Attached you will find the Door Lock Monitoring proposal for your specific building’s elevator(s). Please be aware that demand, labor and price for this task will be expected to increase closer to the compliance date, therefore, it is best to take action as soon as possible. "

The quote was for 23,000. ... wow, what a shocker!
So I did some research, especially since the elevator was a complete Mod done by Otis last year and found out the following:
All controllers built to meet the A17.1-2000 Code (which came out in 2000) should have the door lock monitoring provisions already built in... It was only prior to 2000/02 that NYC followed the A17.1-1996 Code so it’s safe to assume older controllers do not have provisions, but the newer ones should.

“As per ASME A17.3 of 2002, as modified by Chapter K3 of Appendix K Section 3.10.12 of the New York City Building Code, all automatic passenger and freight elevators must provide a system to monitor and prevent automatic operation with faulty door contact circuits by January 1, 2020.”

That said, be careful, know when your system was installed or upgraded and question your elevator company .... don't just sign the blanket proposal they probably send out to all their clients!

~AR

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AR - Thanks for the info about the new door lock requirement and corresponding DoB regulations. Very informative. I passed it on to my building's super and property manager.

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AR - I echo Steven's sentiments. Thank you for this information.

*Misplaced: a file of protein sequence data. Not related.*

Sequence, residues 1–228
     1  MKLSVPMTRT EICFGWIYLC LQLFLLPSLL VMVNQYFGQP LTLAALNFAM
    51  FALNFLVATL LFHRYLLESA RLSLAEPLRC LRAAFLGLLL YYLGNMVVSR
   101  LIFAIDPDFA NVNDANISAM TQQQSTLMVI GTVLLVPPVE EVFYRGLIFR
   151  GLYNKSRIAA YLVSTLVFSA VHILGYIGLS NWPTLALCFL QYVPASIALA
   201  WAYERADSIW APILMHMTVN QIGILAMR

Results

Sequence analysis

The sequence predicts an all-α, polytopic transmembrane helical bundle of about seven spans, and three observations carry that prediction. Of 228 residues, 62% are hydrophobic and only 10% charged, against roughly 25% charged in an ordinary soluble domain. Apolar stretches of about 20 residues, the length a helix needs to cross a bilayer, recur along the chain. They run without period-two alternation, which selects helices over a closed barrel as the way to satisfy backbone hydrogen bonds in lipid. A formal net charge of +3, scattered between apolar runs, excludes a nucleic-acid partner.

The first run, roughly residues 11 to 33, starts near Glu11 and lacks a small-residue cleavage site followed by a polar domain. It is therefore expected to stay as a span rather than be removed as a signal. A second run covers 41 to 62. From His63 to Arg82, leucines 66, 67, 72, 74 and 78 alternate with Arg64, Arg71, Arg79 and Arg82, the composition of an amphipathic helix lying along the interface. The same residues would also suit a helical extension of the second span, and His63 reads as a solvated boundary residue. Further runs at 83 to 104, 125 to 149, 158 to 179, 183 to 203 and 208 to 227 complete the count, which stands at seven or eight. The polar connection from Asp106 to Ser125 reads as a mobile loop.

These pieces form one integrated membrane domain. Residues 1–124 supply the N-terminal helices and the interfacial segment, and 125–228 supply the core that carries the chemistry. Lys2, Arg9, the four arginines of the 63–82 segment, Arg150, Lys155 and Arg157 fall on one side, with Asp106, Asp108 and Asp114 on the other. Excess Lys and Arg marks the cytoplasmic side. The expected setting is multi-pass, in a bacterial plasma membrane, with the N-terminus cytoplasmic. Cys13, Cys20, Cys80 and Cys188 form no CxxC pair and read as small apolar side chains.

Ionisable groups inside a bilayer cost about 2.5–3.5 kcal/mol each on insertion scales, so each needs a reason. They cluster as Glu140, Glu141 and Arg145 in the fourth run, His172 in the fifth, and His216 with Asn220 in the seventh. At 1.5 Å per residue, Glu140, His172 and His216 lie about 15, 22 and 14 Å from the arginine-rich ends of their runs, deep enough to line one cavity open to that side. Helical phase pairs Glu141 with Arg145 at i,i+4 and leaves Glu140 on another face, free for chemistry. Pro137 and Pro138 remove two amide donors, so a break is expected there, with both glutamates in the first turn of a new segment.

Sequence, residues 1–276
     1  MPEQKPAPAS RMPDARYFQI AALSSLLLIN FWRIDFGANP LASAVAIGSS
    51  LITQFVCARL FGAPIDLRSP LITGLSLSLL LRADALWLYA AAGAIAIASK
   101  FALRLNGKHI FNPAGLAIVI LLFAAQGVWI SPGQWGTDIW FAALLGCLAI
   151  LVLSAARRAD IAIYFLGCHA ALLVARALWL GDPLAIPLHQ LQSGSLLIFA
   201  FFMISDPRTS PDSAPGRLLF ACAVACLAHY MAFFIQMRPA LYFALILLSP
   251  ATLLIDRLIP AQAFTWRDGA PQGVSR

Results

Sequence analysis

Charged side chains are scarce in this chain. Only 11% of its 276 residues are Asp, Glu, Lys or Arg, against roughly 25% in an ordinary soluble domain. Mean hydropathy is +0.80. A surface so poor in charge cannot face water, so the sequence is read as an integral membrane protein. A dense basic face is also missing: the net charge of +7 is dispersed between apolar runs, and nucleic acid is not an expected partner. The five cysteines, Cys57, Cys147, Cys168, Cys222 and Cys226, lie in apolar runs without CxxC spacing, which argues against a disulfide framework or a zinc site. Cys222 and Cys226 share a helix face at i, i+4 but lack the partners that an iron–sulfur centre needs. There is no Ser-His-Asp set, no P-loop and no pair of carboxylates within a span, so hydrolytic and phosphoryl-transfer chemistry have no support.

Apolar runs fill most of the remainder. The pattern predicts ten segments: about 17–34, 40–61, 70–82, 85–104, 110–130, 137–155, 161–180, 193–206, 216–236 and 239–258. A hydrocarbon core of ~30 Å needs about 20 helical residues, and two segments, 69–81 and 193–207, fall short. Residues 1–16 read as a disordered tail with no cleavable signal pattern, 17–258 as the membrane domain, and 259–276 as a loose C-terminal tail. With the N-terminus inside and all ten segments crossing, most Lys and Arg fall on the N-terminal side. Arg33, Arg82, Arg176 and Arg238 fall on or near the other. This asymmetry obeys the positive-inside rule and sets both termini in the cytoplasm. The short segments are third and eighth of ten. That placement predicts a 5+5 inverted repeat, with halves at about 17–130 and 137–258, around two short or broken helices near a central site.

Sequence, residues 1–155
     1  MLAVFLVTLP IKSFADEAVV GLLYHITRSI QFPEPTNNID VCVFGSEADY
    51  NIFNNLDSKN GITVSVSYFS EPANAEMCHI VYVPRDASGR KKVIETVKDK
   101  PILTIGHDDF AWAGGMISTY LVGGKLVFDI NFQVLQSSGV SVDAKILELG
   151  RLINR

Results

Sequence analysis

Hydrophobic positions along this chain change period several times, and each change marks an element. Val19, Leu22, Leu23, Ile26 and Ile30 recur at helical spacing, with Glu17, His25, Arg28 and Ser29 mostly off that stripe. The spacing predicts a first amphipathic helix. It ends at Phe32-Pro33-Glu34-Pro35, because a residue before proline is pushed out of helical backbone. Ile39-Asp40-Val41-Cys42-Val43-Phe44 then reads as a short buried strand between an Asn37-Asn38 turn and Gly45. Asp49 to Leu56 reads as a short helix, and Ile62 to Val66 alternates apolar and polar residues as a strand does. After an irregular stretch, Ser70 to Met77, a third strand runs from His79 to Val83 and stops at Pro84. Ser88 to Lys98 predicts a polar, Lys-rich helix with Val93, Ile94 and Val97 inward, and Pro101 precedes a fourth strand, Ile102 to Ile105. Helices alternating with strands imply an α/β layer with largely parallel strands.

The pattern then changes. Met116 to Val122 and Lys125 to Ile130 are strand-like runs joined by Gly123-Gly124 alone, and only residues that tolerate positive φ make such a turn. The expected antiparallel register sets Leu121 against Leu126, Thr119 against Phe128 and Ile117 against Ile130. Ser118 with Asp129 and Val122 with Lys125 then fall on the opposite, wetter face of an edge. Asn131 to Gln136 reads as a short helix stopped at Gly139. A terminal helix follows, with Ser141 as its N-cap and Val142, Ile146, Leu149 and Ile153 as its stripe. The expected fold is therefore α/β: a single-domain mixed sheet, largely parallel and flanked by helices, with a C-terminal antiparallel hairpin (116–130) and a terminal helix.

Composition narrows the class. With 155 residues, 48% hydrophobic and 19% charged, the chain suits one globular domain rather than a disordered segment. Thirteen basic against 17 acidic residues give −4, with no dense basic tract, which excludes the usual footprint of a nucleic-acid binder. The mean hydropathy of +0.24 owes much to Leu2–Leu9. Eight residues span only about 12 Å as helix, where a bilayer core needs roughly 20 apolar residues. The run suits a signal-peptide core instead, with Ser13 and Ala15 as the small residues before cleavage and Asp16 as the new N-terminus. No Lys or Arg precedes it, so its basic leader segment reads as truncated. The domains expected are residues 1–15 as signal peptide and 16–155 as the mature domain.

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If you need assistance financing this modernization project, please contact us. We established this company specifically to assist with this expensive work.

Structural System Services LLC
dj@structuralsystem.services
917-524-5700

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This is offering an interesting solution: arguselevator.com

Their device actually fits inside the existing elevator controller, so there is no need to install an external enclosure, which makes the installation cheaper and faster.

Also, the lead time is very short (48 hours) since there is no specific hardware customization required.

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This post details the cost. The information might help others identify if it's a blanket proposal from the elevator vendor.

https://www.elevatorlab.com/blog/cost-to-install-elevator-door-lock-monitoring-system

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Prior to ordering suggest to visit our web site to learn more about the types of devices in the market and irs cost. Visit www.FSSG.US

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Argus Elevator (https://arguselevator.com) is offering a very convenient solution.

Their device actually fits inside the existing elevator controller, so there is no need to install an external enclosure, which makes the installation cheaper and faster.

Also, the lead time is very short (48 hours) since there is no specific hardware customization required.

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For relatively newer buildings, the mechanical overlay solution can range anywhere from $10,000 to $30,000, but those older buildings that require total modernization, the cost factor can be catastrophic.

Our firm is comprised of former elevator and finance professionals and can help finance these unplanned and expensive projects. We launched this specialized service to assist with this compliance regulation.

If you need assistance, please contact Structural System Services LLC:
dj@structuralsystem.services
917-524-5700
www.structuralsystem.services

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Restricting the use of public video surveillance data by third parties - REAPLLC Apr 25, 2018